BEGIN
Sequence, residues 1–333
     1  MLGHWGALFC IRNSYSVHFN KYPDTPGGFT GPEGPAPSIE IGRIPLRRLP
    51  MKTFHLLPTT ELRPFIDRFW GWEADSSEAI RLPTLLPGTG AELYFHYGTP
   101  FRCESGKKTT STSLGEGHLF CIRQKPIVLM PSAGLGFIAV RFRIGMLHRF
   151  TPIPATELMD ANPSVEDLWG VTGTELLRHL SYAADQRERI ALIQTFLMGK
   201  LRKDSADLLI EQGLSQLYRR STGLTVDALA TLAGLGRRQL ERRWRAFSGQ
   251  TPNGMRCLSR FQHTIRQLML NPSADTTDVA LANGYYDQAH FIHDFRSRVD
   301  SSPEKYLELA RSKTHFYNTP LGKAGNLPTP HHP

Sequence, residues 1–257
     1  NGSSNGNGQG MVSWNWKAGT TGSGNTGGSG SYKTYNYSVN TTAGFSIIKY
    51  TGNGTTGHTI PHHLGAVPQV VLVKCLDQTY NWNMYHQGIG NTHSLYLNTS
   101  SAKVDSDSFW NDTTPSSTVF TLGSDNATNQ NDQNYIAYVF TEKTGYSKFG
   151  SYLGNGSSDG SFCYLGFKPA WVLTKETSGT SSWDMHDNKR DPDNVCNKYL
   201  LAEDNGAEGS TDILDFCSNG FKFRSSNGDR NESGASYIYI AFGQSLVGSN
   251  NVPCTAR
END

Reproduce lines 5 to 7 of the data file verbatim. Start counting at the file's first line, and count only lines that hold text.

   151  TPIPATELMD ANPSVEDLWG VTGTELLRHL SYAADQRERI ALIQTFLMGK
   201  LRKDSADLLI EQGLSQLYRR STGLTVDALA TLAGLGRRQL ERRWRAFSGQ
   251  TPNGMRCLSR FQHTIRQLML NPSADTTDVA LANGYYDQAH FIHDFRSRVD